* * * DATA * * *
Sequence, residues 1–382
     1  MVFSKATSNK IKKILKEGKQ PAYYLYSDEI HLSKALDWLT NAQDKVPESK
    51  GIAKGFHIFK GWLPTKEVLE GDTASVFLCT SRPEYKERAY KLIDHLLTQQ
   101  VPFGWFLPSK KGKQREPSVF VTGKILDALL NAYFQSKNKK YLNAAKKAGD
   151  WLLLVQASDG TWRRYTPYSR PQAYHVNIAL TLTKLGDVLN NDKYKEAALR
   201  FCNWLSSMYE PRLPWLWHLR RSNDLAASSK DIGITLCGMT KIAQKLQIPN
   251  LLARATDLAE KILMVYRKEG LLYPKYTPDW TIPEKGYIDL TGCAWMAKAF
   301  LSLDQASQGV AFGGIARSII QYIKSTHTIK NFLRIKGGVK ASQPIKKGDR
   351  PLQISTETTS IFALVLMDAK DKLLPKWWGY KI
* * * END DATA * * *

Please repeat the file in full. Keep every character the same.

Sequence, residues 1–382
     1  MVFSKATSNK IKKILKEGKQ PAYYLYSDEI HLSKALDWLT NAQDKVPESK
    51  GIAKGFHIFK GWLPTKEVLE GDTASVFLCT SRPEYKERAY KLIDHLLTQQ
   101  VPFGWFLPSK KGKQREPSVF VTGKILDALL NAYFQSKNKK YLNAAKKAGD
   151  WLLLVQASDG TWRRYTPYSR PQAYHVNIAL TLTKLGDVLN NDKYKEAALR
   201  FCNWLSSMYE PRLPWLWHLR RSNDLAASSK DIGITLCGMT KIAQKLQIPN
   251  LLARATDLAE KILMVYRKEG LLYPKYTPDW TIPEKGYIDL TGCAWMAKAF
   301  LSLDQASQGV AFGGIARSII QYIKSTHTIK NFLRIKGGVK ASQPIKKGDR
   351  PLQISTETTS IFALVLMDAK DKLLPKWWGY KI